Origin and History
The regiment was raised on December 20 1688 for the Duc de Noailles. Even though it remained a gentleman regiment throughout its existence, it exceptionally retained its name of Noailles even when changing owner.
During the War of the Polish Succession, the regiment served on the Rhine from 1733 to 1735.
During the War of the Austrian Succession, the regiment served in Bavaria in 1742. In 1743, it was on the Main. From 1744 to 1748, it took part in the campaigns of Flanders.
In 1749, the regiment was stationed at Lille; in 1751, at Arras; in 1752, at Saintes; in 1754, at Arras; and in 1755, at Aimeries.
In 1756, the regiment counted 2 squadrons and ranked 54th.
During the Seven Years' War, the regiment was under the command of:
- since March 1 1754 until March 20 1774: Duc d'Ayen (also duc de Noailles)
Service during the War
On July 26 1757, the regiment took part in the Battle of Hastenbeck where it was among the cavalry of the left wing. After the victory, it encamped at Grosselsen near Hameln with the main body of the Army of the Lower Rhine from July 31 to August 2. On August 16, the regiment was among the force sent by the Maréchal de Richelieu to occupy the Duchy of Brunswick who had submitted to the French domination. At the end of the year, it took its winter-quarters in Ossroy on the Lower Rhine, in the fourth line of the French Army.
In April 1758, when the Comte de Clermont redeployed his army along the Rhine, the regiment was stationed in the villages of Gooch, Asperden, Nieukloster (present-day Kessel), Ottersum, Hommersum in the Gooch/Gennep/Meuse area. After the successful crossing of the Rhine by the Allied army of Ferdinand of Brunswick on May 31, the regiment retired towards Rheinberg where it joined Clermont's Army on June 2. It remained in this camp until June 12 and was placed on the right wing of the second line. On June 23, the regiment took part in the Battle of Krefeld where it was placed on the left wing of the first line, under FitzJames. In Mid August, after Ferdinand's retreat to the east bank of the Rhine, the regiment, as part of the Army of the Lower Rhine now under the Marquis de Contades, recrossed the Rhine to follow the Allied army. On August 20, it was encamped near Wesel where it was placed on the left wing of the first line.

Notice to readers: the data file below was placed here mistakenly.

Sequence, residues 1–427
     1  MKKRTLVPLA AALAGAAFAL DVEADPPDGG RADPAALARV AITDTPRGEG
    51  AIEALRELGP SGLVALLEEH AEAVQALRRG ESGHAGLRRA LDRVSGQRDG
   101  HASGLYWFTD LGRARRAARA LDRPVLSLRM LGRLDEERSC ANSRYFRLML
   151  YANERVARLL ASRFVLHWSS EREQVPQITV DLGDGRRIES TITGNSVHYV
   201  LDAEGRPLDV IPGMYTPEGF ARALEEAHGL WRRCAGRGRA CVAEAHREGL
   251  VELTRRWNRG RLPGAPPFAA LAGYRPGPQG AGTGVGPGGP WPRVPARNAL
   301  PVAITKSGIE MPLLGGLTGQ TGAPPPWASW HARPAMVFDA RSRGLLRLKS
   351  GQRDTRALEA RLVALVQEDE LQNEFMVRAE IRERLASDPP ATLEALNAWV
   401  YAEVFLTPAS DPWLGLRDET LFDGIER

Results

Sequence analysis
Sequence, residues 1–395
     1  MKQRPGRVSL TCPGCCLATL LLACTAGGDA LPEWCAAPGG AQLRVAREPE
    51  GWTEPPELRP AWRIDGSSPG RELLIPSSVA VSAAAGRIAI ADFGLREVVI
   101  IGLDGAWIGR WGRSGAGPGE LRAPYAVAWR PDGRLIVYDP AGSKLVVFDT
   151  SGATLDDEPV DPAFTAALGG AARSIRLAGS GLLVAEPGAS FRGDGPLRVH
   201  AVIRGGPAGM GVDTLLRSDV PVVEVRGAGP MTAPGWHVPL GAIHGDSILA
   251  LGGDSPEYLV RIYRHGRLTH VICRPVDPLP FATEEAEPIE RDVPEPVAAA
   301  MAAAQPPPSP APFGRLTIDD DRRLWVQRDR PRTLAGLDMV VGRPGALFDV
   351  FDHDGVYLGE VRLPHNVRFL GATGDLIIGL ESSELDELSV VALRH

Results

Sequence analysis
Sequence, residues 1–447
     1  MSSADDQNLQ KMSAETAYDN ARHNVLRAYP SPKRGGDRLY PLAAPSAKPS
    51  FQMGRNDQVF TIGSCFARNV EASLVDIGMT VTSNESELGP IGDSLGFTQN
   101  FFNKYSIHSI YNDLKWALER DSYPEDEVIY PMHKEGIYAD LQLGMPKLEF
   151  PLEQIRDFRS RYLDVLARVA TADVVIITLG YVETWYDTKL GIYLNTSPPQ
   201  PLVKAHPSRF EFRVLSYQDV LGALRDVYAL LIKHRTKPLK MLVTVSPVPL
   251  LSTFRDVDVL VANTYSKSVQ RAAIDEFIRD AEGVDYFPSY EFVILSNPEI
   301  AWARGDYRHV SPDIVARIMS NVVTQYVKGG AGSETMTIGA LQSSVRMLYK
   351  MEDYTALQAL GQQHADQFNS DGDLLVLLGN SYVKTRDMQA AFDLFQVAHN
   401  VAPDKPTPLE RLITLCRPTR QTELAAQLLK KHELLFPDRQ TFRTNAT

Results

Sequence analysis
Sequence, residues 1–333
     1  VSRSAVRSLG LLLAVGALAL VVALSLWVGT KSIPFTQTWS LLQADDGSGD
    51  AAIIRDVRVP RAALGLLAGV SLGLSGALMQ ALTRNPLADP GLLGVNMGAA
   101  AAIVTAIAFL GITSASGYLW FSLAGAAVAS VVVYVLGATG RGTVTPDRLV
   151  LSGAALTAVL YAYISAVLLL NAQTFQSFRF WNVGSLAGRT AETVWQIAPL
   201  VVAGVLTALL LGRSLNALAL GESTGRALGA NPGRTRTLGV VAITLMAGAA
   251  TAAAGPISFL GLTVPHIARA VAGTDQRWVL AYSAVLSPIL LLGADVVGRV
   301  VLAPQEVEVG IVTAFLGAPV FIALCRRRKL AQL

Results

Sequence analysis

In June 1759, during the offensive in Western Germany, the regiment was part of the main army under the command of the Marquis de Contades and was deployed in the second line of the cavalry left wing. On August 1, the regiment took part in the Battle of Minden where it was deployed in the second line of the cavalry centre under the command of du Mesnil. By August 15 during the French retreat, the regiment, who had suffered heavily at Minden, could only field a single squadron.
The regiment then returned to France where, in 1761, it was stationed at Provins.
|Headgear||black tricorne (reinforced with an iron skullcap for combat) laced silver, with a black cockade on the left side fastened with a black silk strap and a small pewter button|